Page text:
'Cadillac Tax' Is Hated, But It Might Be Working

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In a bit of poetic justice, a tax named after an automobile brand got a boost from contract negotiations in the Motor City.

That new federal levy, officially called an excise tax on high-cost health coverage, is better known as the "Cadillac tax." Under this provision of the Affordable Care Act, employer-sponsored health coverage worth more than $10,200 per year to an individual or $27,500 per year to a family will be subject to a 40 percent tax on the amount that exceeds the threshold. The tax doesn't take effect until 2018, and as we get closer to that date, pressure in Congress is building to repeal it.

The tax is unpopular among large employers, about a third of which expect to have plans subject to the tax, according to a 2014 survey by the consulting firm Mercer. It's also unpopular among trade unions, which in many cases won generous health benefits over years of tough collective bargaining. And when management and labor agree on something, it's safe to assume that their Democratic and Republican allies on Capitol Hill will also agree.

So while congressional Democrats generally stand united in defense of the ACA, a House bill to repeal the Cadillac tax nonetheless has 135 Democratic co-sponsors.

That was the backdrop as the United Auto Workers hashed out details of a new labor agreement with Fiat Chrysler Automobiles this month. Autoworkers had won unusually generous health benefits in previous contracts, perks they won't give up just because workers in other sectors have lost theirs. But with health costs rising and the Cadillac tax looming, union negotiators knew they couldn't let this be management's problem alone.

"For quite some time, the auto unions have recognized a reality in U.S. economics that not all other workers are as keenly aware of," says Ceci Connolly, managing director of PwC’s Health Research Institute. "And that is that rising health care costs bite into wages."

So the union has agreed to "find areas of opportunity to reduce cost" if that's needed to stay under the tax threshold, even if that means charging higher deductibles for plans subject to the excise.

More importantly, the union proposed an unusual level of labor-management collaboration to tackle rising health costs. The draft agreement calls for labor and the Big Three domestic automakers to pool resources in a co-op "to explore innovative ways of improving the delivery of negotiated health care benefits in a manner that increases quality, lowers cost, produces less waste and provides better patient care."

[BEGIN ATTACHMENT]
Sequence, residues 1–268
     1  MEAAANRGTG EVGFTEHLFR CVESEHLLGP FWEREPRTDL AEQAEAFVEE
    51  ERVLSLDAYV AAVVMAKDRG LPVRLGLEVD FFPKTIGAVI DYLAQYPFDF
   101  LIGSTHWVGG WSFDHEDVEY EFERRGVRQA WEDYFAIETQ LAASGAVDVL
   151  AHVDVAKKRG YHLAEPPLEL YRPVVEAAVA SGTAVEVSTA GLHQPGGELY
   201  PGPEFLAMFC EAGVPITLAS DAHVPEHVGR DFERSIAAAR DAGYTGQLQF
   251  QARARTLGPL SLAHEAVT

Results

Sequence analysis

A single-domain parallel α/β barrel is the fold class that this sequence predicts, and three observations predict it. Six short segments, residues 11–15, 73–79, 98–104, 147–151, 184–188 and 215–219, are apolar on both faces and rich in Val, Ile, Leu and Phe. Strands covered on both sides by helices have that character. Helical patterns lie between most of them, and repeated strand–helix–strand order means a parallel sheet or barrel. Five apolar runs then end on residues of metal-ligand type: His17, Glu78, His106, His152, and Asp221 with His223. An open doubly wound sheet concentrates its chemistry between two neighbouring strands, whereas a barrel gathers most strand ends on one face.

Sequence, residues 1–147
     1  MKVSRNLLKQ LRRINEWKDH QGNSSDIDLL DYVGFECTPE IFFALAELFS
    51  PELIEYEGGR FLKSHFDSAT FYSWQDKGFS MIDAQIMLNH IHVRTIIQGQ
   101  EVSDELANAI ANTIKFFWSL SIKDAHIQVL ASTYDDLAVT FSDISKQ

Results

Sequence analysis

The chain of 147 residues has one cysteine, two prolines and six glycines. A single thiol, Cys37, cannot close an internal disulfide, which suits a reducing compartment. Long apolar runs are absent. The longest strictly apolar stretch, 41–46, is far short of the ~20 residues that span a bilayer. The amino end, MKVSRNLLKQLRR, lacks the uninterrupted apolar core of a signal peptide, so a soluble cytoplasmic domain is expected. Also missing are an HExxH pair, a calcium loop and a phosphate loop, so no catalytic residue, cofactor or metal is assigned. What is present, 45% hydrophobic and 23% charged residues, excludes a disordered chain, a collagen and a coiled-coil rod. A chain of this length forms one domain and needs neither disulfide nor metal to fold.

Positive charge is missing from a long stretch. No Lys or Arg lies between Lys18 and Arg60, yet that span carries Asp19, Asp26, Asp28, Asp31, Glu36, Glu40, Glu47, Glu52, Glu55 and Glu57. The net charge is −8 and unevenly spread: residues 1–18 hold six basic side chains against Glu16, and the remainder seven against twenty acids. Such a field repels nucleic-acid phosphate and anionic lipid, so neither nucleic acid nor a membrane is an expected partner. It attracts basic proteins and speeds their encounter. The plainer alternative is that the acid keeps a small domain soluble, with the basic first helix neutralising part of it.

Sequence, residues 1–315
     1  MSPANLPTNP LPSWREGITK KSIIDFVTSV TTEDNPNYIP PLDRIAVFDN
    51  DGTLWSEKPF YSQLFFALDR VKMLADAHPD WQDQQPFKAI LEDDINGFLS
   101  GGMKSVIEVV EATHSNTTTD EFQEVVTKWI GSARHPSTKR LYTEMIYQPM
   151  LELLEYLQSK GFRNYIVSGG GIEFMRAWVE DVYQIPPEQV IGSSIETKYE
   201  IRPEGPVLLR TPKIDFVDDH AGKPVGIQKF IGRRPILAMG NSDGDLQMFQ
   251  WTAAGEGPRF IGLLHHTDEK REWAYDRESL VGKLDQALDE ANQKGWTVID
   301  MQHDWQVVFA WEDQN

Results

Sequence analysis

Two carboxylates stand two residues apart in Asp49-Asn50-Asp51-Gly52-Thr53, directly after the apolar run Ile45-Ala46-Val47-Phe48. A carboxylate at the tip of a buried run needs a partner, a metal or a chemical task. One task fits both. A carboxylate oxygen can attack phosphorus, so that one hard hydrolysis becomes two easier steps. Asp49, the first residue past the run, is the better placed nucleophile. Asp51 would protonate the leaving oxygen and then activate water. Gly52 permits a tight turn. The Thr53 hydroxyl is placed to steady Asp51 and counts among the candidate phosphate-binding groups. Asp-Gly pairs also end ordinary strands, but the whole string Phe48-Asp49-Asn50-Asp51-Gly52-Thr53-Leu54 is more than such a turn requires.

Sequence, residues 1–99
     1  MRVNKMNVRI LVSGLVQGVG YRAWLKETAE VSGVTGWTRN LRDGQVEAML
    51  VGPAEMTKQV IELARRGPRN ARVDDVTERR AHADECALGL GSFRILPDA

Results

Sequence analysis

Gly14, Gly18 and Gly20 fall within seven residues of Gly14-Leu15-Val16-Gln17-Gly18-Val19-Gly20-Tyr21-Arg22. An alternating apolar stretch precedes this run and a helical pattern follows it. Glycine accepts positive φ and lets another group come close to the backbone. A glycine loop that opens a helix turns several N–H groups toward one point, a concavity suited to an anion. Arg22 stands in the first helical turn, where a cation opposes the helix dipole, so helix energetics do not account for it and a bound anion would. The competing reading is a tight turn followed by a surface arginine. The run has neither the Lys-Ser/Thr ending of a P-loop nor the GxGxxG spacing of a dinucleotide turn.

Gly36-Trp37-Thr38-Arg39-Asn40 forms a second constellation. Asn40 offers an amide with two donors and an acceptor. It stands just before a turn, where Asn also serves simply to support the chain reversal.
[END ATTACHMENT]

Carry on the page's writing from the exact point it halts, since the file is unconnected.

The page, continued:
If the new contract is ratified by Chrysler workers, the UAW will take the same proposal into contract negotiations with Ford and General Motors. Does that mean the Cadillac tax is working as intended? Perhaps.  It's definitely bringing new urgency to efforts to control costs.

Steve Wojcik, vice president for public policy at the National Business Group on Health, an association of large employers, points out that it make sense for all parties to avoid a tax that "doesn't benefit the UAW employees, doesn't benefit the company, doesn't benefit the people that buy the cars or shareholders or anybody."

"The excise tax has gotten companies as well as employees and others who represent them, like unions, thinking, hey, we need to work together," says Wojcik. "The excise tax has brought this to the fore, a focal point for action."

That stands in contrast to the argument on Capitol Hill for repealing the tax. Rep. Joe Courtney (D-Conn.) warned last week, "Having a blunt instrument, which is what this excise tax is, come in and disrupt people's health coverage that they've negotiated long and hard for -- given up wage increases over the years -- built their family planning around is really not good health policy."

But it just may take a blunt instrument to focus the mind on a problem as difficult as escalating health care costs.

Even if it does succeed in driving efforts to control costs, the Cadillac tax is not out of the woods. After 2018, the tax's thresholds are indexed to the consumer price index, which in recent years has run at about half the level of medical inflation. That means that each year, more and more insurance plans will be subject to the tax. Wojcik says members of his organization project that "all of the things that they are doing, including increasing cost sharing for people covered by their plans, only buys them at most two to three years" before the tax will bite hard.

So, in a way, the urgency of repeal efforts will depend on that spread between CPI and medical inflation. Medical inflation has slowed in recent years, and if it moderates further, the Cadillac tax may cause little pain for several years. If medical costs spike, on the other hand, the demands for an adjustment or repeal will increase.

As PwC's Connolly points out, "There's a big difference between public frustration and political posturing and actually changing laws. Changing laws is really hard work." So until the pain is widely felt, repeal efforts are likely to remain on the back burner.

And as with many fiscal issues in Washington, a repeal of the Cadillac tax faces an additional difficult hurdle -- the "pay for" to fill the hole of lost revenue.  "Undoing a law that generates, the latest calculation is $87 billion in revenue, is especially difficult,” says Connolly, "because somebody has to go find that $87 billion somewhere else."

Karl Eisenhower is the editor of RealClearHealth.

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